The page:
Academics show costs of choice

Patient choice may actually increase NHS costs, academics have warned.

A report by the London School of Hygiene and Tropical Medicine (LSHTM), hich reviewed all past literature on choice in the NHS, found it can improve services, because even a small number of patient defections 'will signal that there may be problems in the way in which services are being provided'.

But because offering choice requires spare capacity, it can actually increase costs. And 'there have been no studies... attempting to compare the marginal costs with the marginal benefits', the report says.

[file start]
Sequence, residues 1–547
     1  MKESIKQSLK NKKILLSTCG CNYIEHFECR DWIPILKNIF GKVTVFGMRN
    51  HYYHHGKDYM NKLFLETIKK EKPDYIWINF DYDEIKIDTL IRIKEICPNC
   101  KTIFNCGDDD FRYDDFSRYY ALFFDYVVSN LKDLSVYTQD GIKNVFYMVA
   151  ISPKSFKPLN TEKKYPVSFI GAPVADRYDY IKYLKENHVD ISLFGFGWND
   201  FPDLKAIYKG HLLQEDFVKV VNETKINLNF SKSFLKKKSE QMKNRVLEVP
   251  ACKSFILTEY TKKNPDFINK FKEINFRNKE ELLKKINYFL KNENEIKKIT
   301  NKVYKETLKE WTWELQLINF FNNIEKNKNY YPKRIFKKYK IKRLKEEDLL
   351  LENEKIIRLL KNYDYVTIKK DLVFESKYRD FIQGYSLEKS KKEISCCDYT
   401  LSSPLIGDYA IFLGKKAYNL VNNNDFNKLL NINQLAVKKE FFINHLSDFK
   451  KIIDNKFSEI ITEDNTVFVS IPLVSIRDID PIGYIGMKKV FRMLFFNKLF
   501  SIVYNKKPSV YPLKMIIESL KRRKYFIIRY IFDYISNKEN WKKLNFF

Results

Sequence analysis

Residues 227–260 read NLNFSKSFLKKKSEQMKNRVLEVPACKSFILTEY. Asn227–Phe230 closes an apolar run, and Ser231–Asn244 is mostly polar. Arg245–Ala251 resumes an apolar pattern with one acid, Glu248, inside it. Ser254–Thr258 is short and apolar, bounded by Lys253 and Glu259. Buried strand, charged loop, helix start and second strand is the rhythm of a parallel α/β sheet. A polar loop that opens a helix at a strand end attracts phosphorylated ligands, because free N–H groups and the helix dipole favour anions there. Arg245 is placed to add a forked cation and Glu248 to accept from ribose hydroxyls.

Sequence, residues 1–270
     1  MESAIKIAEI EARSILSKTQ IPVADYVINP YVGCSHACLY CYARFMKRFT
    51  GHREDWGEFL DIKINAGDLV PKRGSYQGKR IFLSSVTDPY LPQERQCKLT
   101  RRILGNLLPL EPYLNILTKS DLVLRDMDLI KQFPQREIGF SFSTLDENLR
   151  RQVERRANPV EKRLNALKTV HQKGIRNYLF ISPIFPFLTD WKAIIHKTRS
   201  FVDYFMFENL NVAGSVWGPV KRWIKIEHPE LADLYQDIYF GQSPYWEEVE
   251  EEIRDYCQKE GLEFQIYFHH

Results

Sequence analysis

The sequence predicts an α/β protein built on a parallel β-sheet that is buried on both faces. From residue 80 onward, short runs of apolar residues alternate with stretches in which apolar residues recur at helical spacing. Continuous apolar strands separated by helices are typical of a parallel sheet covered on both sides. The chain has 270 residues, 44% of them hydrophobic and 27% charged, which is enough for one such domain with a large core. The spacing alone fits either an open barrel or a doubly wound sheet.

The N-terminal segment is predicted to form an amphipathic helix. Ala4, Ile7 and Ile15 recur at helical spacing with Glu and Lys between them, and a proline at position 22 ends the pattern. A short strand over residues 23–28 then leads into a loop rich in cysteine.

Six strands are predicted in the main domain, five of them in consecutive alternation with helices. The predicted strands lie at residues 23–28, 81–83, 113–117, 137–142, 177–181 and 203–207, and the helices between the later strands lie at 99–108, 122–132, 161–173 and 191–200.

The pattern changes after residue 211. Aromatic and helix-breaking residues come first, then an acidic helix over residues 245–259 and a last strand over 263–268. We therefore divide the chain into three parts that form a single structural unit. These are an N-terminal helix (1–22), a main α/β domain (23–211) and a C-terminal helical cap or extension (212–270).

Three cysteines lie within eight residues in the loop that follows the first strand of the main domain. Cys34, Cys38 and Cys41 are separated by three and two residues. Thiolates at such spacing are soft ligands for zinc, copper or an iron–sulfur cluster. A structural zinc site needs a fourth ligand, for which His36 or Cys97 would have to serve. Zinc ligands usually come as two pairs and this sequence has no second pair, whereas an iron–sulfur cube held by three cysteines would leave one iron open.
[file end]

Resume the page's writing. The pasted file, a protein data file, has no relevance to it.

However, it also says fears that choice may worsen health inequalities are unfounded.

'All socio-economic groups appeared to want to be able to choose, at least in theory,' they wrote. Patients who have chosen their hospital are more likely to describe it as 'good' or 'excellent'.

The report is part of the Health Reform Evaluation Programme (HREP), under which LSHTM will evaluate all the government's policies to reform the NHS. The programme will report in 2010.

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